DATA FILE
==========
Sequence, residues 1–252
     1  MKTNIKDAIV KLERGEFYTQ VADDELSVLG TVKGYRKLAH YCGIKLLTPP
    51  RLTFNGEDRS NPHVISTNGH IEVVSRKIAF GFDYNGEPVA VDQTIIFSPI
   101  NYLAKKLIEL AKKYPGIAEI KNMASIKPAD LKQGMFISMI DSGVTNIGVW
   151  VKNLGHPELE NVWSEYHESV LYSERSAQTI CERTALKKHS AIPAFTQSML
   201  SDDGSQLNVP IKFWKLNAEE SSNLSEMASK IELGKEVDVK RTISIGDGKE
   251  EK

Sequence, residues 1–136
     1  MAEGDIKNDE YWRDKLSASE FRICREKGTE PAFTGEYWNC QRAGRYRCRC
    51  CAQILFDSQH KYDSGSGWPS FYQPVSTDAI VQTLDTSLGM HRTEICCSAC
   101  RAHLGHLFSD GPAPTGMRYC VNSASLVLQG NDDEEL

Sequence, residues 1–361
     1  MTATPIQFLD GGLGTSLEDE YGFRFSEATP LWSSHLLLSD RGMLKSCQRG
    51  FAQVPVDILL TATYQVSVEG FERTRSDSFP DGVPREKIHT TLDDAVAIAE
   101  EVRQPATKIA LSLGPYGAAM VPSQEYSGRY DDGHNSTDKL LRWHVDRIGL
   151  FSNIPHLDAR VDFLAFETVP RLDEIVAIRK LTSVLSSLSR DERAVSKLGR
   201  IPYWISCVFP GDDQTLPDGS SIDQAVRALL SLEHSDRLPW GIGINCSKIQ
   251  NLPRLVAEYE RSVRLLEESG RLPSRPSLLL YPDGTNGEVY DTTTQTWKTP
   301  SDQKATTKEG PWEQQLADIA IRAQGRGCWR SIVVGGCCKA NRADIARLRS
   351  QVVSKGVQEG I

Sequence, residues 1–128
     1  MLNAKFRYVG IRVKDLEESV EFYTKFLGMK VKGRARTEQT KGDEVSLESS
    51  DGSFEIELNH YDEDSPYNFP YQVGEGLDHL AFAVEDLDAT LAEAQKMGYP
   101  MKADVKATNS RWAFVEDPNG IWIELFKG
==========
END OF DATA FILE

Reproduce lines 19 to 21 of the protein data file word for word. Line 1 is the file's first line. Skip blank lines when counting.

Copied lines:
   301  SDQKATTKEG PWEQQLADIA IRAQGRGCWR SIVVGGCCKA NRADIARLRS
   351  QVVSKGVQEG I

Sequence, residues 1–128